In accordance with one aspect of the invention, the system includes a plurality of downhole components, such as sections of pipe in a drill string. Each component has a first and second end, with a first communication element located at the first end and a second communication element located at the second end. Each communication element includes a first contact and a second contact. The system also includes a coaxial cable running between the first and second communication elements, the coaxial cable having a conductive tube and a conductive core within it. The system also includes a first and second connector for connecting the first and second communication elements respectively to the coaxial cable. Each connector includes a conductive sleeve, lying concentrically within the conductive tube, which fits around and makes electrical contact with the conductive core. The conductive sleeve is electrically isolated from the conductive tube. The conductive sleeve of the first connector is in electrical contact with the first contact of the first communication element, the conductive sleeve of the second connector is in electrical contact with the first contact of the second communication element, and the conductive tube is in electrical contact with both the second contact of the first communication element and the second contact of the second communication element.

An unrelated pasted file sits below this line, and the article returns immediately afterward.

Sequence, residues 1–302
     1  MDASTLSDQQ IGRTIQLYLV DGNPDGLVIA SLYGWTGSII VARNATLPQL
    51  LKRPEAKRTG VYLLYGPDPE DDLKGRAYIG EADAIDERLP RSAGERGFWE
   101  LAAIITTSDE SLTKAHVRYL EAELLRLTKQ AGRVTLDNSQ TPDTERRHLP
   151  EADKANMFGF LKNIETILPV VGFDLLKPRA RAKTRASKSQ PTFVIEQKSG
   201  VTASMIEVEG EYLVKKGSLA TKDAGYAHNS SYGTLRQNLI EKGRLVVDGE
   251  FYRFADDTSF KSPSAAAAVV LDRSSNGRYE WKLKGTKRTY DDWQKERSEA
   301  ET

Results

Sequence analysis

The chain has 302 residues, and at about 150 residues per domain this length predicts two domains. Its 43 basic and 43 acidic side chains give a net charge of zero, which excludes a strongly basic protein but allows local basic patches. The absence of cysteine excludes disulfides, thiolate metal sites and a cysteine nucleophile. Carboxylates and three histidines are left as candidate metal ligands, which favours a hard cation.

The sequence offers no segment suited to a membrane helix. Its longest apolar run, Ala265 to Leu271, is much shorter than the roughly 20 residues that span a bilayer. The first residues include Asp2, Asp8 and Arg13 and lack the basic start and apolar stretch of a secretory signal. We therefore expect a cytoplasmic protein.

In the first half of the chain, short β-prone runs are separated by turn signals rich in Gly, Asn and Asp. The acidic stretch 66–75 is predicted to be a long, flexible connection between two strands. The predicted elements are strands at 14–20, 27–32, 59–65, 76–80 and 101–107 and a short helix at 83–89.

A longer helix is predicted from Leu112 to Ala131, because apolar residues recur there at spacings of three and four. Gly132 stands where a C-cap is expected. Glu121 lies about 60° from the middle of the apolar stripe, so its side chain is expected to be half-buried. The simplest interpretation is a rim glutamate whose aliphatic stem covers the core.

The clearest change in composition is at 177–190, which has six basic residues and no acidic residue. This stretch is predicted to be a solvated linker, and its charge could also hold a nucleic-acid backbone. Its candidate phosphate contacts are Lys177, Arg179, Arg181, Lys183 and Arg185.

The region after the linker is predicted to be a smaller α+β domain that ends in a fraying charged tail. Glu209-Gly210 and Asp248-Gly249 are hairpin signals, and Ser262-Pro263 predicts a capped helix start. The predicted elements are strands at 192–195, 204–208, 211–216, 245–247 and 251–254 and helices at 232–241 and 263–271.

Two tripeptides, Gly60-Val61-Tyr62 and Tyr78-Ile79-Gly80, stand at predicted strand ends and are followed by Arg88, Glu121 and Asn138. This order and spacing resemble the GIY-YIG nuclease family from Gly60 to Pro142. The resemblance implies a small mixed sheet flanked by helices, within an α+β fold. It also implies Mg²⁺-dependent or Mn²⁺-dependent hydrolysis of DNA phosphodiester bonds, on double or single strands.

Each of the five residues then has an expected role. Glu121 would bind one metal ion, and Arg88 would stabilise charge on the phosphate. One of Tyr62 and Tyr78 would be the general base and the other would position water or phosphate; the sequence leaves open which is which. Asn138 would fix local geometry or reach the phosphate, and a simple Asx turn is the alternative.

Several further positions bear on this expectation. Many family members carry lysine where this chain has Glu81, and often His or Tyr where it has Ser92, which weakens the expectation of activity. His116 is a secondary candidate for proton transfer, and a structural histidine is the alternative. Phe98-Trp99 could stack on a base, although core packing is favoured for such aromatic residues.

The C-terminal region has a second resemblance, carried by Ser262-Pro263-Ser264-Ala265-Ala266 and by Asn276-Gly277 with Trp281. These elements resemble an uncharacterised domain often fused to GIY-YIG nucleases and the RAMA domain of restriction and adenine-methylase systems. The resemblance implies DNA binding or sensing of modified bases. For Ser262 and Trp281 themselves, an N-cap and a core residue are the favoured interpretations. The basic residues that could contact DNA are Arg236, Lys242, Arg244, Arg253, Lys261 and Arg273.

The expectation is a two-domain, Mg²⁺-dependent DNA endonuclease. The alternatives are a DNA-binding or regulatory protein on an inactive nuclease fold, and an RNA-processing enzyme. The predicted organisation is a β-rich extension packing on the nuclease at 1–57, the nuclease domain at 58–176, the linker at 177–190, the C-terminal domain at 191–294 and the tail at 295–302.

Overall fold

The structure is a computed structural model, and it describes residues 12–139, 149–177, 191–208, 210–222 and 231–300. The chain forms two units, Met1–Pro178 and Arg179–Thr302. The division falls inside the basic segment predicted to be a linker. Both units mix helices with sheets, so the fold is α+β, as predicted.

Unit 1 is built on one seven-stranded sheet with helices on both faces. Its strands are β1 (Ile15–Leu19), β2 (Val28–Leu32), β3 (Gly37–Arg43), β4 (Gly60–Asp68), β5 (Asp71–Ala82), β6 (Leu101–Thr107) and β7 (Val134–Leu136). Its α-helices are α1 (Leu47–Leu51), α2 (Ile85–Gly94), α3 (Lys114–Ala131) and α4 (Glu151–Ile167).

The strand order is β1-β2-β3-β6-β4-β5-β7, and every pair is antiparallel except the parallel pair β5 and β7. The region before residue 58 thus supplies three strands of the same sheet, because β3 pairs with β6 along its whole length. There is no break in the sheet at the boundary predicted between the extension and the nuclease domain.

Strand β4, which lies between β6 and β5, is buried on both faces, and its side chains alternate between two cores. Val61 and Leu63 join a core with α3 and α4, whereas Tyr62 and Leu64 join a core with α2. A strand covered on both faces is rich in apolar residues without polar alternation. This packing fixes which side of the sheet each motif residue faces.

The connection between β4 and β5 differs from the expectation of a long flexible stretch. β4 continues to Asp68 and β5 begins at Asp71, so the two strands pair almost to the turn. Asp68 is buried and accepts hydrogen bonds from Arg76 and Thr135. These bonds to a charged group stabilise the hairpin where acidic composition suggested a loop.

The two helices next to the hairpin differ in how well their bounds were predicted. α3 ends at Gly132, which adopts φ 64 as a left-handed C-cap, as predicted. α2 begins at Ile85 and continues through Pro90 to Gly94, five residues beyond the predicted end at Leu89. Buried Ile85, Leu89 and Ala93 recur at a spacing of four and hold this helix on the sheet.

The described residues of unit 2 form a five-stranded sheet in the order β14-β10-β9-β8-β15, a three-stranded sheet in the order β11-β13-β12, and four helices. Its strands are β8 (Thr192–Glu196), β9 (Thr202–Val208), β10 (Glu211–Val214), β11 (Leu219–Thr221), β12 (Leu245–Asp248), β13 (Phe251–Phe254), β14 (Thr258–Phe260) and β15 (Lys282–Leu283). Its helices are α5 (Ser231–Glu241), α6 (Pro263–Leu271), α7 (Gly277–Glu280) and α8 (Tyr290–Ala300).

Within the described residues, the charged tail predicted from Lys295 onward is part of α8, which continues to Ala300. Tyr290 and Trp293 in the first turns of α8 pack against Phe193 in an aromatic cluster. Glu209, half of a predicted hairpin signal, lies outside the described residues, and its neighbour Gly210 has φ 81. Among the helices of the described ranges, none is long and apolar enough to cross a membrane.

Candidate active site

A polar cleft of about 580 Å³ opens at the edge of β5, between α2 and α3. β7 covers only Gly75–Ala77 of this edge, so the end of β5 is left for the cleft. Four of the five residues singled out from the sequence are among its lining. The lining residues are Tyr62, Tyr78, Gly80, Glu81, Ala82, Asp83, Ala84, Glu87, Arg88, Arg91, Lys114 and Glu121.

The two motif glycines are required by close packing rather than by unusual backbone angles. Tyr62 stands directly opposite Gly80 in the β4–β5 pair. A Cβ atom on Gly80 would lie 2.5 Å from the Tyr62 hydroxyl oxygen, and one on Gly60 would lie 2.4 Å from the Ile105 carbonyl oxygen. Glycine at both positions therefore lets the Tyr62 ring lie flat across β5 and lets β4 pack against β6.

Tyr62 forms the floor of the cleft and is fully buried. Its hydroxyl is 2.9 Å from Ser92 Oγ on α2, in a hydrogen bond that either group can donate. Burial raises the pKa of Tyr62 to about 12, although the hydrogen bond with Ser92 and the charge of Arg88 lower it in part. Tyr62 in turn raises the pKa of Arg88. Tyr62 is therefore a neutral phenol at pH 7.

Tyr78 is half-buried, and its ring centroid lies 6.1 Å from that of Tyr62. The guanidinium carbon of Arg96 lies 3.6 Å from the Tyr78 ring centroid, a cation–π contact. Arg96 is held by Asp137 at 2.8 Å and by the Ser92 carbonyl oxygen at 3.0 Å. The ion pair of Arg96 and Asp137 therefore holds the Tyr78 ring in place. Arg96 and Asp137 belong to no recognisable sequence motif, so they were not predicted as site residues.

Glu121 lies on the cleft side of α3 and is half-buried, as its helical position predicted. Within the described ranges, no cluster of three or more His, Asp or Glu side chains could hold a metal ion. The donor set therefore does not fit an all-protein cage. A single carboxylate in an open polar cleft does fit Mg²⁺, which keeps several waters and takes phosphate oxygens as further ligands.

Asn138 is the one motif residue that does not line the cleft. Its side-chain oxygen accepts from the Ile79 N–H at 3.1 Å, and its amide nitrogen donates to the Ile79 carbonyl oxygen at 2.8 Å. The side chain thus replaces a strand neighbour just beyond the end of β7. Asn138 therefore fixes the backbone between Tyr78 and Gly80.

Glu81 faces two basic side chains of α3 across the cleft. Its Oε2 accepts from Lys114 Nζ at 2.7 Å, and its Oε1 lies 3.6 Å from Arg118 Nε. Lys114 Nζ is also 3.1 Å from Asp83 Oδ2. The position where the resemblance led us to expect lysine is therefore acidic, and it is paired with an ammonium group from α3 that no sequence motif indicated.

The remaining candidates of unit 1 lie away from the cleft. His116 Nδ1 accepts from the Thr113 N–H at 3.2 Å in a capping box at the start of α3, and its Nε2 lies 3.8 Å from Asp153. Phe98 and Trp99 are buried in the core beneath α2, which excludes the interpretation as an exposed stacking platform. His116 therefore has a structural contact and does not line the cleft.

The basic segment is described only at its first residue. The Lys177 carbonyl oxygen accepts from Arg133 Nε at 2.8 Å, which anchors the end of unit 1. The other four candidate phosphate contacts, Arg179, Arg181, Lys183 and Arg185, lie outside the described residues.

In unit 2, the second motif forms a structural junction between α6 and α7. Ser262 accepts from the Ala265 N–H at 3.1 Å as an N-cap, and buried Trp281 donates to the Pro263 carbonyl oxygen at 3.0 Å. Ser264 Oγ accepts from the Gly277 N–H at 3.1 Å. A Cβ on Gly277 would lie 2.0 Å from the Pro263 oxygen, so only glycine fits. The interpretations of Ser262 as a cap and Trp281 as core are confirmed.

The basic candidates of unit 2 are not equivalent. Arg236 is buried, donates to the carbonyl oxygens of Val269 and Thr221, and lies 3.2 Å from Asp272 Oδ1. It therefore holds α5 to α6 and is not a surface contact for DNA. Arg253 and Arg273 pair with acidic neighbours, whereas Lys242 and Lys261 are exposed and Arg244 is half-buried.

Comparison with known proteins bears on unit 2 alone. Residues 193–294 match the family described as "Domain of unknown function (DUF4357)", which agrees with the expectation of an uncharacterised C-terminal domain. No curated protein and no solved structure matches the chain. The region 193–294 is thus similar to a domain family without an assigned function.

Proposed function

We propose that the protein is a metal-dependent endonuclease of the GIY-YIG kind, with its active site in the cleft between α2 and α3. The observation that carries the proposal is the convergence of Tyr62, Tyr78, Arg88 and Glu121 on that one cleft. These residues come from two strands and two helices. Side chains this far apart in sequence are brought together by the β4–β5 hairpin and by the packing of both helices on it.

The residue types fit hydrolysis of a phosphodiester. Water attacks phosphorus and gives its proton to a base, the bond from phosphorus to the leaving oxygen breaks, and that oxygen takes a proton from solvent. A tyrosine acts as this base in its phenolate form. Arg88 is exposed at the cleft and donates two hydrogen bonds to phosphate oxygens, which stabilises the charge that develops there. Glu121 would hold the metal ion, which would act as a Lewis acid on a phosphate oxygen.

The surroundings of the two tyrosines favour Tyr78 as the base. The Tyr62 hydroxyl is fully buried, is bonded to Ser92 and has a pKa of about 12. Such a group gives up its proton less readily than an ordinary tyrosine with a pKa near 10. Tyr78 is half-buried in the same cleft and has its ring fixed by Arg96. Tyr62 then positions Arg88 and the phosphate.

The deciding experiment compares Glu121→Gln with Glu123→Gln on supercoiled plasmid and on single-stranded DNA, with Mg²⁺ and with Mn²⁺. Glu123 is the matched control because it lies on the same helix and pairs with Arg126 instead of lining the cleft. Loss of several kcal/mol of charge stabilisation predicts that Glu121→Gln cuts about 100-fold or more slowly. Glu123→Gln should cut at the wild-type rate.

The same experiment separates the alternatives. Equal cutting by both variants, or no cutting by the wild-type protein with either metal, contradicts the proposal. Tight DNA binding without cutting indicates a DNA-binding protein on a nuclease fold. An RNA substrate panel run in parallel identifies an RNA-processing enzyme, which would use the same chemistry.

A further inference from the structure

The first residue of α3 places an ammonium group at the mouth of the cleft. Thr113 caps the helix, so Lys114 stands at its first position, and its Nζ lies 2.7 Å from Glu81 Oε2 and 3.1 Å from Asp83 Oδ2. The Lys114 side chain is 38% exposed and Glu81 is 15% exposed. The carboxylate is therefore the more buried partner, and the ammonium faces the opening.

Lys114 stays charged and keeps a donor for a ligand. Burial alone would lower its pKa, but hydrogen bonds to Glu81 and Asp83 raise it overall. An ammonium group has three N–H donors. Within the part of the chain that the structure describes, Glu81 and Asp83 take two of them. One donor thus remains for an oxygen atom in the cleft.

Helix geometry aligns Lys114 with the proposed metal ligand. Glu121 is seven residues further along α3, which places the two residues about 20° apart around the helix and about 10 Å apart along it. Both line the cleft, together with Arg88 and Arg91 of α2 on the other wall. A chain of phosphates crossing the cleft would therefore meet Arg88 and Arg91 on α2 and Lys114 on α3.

In accordance with another aspect of the invention, the drill components are sections of drill pipe, each having a central bore, and the first and second communication elements are located in a first and second recess respectively at each end of the drill pipe. The system further includes a first passage passing between the first recess and the central bore and a second passage passing between the second recess and the central bore. The first and second connectors are located in the first and second passages respectively. Preferably, each section of drill pipe has a portion with an increased wall thickness at both the box end and the pin end with a resultant smaller diameter of the central bore at the box end and pin end, and the first and second passages run through the portions with an increased wall thickness and generally parallel to the longitudinal axis of the drill pipe. The box end and pin end is also sometimes referred to as the box end tool joint and pin end tool joint.